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One year with GDPR: Greater data hygiene and security, higher bureaucracy, and more uncertainty

By: Rainer Rehm

One year with GDPR: Greater data hygiene and security, higher bureaucracy, and more uncertainty

In GDPR’s first year in practice, the regulation has introduced greater data hygiene into enterprises. Organisations have been forced to take a more proactive approach to protecting and managing the data of European citizens, and individuals have benefited as a result of these efforts. To guarantee data privacy, organisations must have insight into the various data pools, often kept in different departments within an organisation, and they must determine whether permission to use personally identifiable information (PII) has been obtained. Only on a unified data basis—called data dictionary or data repository—are IT departments able to check whether the permission to use the data has been obtained.

The two-year lead time to interpret GDPR requirements within companies was, in many cases, not long enough. After all, GDPR represented significant changes to regulations that had been in place for 20 years—regulations that were never designed for today’s digital age. In addition, organisations had to overcome a lack of expertise, leaving many facing a last-minute frenzy of activity to come into compliance.

In many cases, companies overreacted and deleted entire data pools that did not meet the requirement of double opt-in consent, often due to a lack of understanding of how to treat the data pools correctly. This uncertainty led to huge waves of last-minute consent-collection initiatives to gain contacts’ permissions. However, in the majority of cases, they did not have the desired effect and databases were, therefore, reduced considerably. Companies wound up spending much of the first year under GDPR heightening security and data privacy standards, as well as overcoming the effects of reduced databases.

Furthermore, companies had to put technology in place to help them control and protect digital assets. They also had to reconcile the disjointed conversations between departments to produce the shared insight necessary to update an organisation’s security posture. These basic discussions were essential to modernise the infrastructure and meet the state-of-the-art security requirements.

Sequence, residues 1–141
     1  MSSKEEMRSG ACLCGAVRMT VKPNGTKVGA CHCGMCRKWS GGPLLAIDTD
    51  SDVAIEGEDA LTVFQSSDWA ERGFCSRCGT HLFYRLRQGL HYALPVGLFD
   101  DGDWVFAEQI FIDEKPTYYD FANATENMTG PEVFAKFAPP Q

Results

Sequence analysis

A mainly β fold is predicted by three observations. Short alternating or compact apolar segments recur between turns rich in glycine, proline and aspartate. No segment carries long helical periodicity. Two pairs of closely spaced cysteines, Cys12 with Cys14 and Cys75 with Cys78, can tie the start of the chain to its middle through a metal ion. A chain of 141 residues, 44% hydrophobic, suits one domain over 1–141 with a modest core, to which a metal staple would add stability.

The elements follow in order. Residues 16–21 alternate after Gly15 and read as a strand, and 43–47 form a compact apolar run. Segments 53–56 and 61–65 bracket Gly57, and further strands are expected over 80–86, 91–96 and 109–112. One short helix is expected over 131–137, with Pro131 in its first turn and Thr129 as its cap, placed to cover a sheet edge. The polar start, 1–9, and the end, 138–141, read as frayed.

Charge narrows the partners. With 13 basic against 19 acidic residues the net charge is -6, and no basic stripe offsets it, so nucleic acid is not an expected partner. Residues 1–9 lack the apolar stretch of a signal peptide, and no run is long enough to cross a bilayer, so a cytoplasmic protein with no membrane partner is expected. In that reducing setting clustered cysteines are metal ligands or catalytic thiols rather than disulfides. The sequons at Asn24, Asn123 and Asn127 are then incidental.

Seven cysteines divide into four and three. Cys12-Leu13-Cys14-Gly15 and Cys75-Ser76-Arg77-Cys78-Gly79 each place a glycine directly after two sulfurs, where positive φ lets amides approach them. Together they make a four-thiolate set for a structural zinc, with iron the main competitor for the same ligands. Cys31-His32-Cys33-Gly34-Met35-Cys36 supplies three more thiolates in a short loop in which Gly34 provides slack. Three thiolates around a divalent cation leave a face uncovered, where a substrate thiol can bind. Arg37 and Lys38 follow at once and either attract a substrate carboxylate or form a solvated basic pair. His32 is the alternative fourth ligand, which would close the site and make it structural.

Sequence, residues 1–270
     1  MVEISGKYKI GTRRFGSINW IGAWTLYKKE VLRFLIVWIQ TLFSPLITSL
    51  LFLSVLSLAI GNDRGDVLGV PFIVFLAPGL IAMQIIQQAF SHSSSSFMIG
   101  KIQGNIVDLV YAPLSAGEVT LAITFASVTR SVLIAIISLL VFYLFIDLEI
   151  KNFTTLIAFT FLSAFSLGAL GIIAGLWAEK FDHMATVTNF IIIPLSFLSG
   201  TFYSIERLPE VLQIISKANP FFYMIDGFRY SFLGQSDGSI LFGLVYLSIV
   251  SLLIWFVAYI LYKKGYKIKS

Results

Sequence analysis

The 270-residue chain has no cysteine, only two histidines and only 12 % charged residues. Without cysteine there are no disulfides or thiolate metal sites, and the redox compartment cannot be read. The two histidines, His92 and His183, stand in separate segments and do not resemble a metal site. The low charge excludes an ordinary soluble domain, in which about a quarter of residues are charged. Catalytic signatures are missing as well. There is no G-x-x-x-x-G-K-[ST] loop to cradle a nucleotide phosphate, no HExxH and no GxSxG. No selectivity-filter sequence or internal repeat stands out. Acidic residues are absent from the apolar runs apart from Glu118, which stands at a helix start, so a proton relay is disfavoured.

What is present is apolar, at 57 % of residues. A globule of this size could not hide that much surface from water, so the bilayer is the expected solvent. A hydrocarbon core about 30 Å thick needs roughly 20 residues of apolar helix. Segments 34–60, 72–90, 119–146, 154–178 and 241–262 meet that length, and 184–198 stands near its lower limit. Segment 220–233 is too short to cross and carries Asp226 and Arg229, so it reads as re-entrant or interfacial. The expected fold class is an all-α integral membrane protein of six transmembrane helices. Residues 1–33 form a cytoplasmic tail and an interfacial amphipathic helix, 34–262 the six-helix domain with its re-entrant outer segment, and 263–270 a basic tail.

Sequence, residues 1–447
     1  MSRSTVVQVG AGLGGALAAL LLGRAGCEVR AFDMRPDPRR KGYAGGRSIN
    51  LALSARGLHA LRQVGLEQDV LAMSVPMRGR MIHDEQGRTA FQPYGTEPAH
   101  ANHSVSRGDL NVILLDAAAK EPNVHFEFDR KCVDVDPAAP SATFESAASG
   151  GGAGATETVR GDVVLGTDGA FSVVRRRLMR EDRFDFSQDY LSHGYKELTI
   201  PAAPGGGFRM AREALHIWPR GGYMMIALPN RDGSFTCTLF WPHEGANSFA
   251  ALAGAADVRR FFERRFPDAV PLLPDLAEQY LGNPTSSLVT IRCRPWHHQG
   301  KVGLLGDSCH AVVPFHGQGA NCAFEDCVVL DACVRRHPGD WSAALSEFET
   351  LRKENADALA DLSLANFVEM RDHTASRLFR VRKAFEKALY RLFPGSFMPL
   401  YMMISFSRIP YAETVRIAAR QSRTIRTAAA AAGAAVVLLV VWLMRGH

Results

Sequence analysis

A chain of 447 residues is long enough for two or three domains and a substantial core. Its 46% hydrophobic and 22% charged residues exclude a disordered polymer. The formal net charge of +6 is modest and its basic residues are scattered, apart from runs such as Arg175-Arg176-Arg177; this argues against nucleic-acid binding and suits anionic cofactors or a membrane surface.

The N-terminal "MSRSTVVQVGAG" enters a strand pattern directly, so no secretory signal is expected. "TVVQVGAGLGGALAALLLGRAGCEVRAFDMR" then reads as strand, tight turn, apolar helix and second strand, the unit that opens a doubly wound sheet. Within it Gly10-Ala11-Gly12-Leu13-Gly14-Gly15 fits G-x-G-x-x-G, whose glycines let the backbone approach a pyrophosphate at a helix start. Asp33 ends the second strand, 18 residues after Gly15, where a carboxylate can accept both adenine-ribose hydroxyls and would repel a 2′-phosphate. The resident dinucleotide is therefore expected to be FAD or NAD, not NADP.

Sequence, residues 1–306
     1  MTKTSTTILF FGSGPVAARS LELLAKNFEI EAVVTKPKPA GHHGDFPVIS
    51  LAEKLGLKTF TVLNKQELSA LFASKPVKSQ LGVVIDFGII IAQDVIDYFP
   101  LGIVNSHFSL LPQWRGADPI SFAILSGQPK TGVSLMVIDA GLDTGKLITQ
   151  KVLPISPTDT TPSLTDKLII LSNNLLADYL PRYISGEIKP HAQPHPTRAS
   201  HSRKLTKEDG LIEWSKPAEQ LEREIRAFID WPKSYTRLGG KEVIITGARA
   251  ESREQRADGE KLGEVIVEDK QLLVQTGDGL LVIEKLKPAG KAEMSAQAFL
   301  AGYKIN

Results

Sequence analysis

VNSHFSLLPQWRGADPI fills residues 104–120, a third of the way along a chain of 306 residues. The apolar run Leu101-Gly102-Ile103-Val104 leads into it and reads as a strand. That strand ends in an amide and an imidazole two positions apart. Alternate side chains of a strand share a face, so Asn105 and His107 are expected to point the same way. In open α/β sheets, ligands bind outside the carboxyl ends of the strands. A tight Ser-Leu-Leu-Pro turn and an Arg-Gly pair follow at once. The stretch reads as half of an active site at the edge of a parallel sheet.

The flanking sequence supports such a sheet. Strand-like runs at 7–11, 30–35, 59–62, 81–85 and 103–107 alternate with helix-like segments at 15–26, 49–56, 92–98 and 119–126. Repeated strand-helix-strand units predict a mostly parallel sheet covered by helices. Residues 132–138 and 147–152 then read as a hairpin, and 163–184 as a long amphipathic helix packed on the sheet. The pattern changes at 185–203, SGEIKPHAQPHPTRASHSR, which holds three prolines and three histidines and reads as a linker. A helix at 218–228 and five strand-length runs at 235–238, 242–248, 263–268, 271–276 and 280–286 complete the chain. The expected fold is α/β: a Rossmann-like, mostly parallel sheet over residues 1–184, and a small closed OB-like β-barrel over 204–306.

Processes should now be in place to not only guarantee data protection but also to manage data more effectively, as companies have gained a better understanding of where to store PII and who has access to this data. Documentation on the IT infrastructure and the measurements taken to remain compliant should also be in place by now. Campaigns to brief staff on the requirements of the regulation led to a better understanding of measurements and protection goals so that they are able to run data collection efforts now on the basis of privacy by design—a key element of GDPR. All these measurements are essential for compliance with the reporting requirements in the case of data loss and, at the same time, they help companies increase their data hygiene.

However, while GDPR has introduced greater data protection, it has also increased bureaucracy. A host of templates and forms have emerged to keep track of implemented processes to help organisations demonstrate compliance. Templates that were used to prove compliance for the whole supply chain of data management and processing led to uncountable interactions and paperwork between all involved parties. So far, there is no standardisation in place to simplify these processes with unified templates, which means uncertainty is here to stay. Pending certification, processes based on article 42 of GDPR will introduce a voluntary process to assist in demonstrating compliance—so the work is not yet done.

Uncertainty regarding whether organisations are compliant or not—despite these efforts—will remain as GDPR in its infancy leaves room for interpretation. The first fines imposed by CNIL in France and the ICO in the UK against such giants as Google and Facebook demonstrate that data privacy is now being taken seriously, especially if companies fail to comply with the transparency rules. This is a clear statement of intent from some of the monitoring organisations. However, comprehensive and standardised review processes are not yet in place around the world.

In the end, the individual user is definitely the winner. Individual rights have been strengthened and users and consumers profit from more transparency. Enterprises have gained more insight into their processes and data pools and have brought structures into their data collection and management habits. However, they still struggle with uncertainty due to the huge pile of newly implemented requirements.

Learn how Zscaler can support your GDPR compliance efforts.

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Rainer Rehm is the Zscaler Data Privacy Officer, EMEA




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